At once ordinary and intimate, the relationship that accrues between artists and their respective mediums evinces practical considerations relating to material properties, as well as the embodiment of distinct aesthetic purviews.
With Surface & Substance, curator and painter Hester Simpson highlights this dynamic by focusing on ten artists for whom surfaces are responses to a world of shifting values and chaotic changes. Paul Behnke, Elisa D’Arrigo, Shane Drinkwater, Daniel G. Hill, Elizabeth Knowles, Mario Naves, Carol Salmanson, Mary Schiliro, Jane Schiowitz and Simpson herself alternately emphasize the rough-hewn and the seamless, the casual and the resolute. In doing so, they channel currents of the broader culture even as they hone their own peculiar visions.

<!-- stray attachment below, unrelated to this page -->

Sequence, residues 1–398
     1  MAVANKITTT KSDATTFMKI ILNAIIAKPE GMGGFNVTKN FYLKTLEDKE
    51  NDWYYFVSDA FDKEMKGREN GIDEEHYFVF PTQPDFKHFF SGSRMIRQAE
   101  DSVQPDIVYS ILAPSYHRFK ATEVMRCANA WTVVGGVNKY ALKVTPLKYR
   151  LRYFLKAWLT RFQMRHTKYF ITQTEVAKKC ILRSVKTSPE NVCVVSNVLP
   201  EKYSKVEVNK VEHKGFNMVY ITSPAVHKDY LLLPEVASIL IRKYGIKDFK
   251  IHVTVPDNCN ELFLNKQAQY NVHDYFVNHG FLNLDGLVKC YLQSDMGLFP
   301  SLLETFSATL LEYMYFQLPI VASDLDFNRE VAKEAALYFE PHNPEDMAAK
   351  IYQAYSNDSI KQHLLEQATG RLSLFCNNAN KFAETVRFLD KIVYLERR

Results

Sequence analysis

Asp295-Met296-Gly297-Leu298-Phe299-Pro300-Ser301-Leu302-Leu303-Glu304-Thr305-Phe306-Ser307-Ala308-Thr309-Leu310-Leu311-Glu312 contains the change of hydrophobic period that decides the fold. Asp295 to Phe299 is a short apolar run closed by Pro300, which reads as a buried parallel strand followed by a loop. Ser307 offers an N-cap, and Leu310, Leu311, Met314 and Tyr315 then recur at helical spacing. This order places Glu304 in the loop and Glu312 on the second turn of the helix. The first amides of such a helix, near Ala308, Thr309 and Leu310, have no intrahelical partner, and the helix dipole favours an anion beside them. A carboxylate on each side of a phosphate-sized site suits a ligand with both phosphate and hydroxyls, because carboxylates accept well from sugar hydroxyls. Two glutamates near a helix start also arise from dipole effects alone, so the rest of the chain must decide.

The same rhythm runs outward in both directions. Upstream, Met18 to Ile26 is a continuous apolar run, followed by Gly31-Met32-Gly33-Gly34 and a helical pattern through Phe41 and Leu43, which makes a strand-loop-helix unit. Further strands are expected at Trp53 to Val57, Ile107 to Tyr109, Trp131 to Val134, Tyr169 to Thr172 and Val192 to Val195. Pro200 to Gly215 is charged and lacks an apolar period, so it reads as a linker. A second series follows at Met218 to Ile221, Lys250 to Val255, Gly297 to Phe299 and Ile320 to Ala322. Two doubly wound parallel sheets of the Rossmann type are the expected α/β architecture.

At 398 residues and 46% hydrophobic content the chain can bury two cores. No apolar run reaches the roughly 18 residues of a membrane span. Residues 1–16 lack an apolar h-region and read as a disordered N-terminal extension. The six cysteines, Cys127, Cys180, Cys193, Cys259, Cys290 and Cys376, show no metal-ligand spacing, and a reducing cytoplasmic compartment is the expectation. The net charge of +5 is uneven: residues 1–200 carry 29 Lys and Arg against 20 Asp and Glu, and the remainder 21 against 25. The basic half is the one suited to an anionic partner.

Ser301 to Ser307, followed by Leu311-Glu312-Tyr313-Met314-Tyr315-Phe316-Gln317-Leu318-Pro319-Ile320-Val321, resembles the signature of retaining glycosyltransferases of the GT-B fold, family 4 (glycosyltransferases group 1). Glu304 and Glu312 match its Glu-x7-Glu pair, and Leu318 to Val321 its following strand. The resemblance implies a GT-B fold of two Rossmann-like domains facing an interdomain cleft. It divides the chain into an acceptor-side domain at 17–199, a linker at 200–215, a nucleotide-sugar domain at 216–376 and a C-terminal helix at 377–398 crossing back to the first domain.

Simpson cites cultural observers who have linked changes in the surfaces of artworks to socio-political currents and cultural upheaval. The artist and historian Jonathan Janson writes of how a “rough manner exposes the working processes to the spectator making him party to the artifice to which the illusion is achieved.” More refined approaches to paint-handling endow illusion with an overriding clarity and precision. Both approaches can exist simultaneously and, as such, offer different interpretations of the world in which they were created. And so it is with the artists featured in Surface & Substance. They give body to the extraordinary — and extraordinarily swift — changes taking place in contemporary life.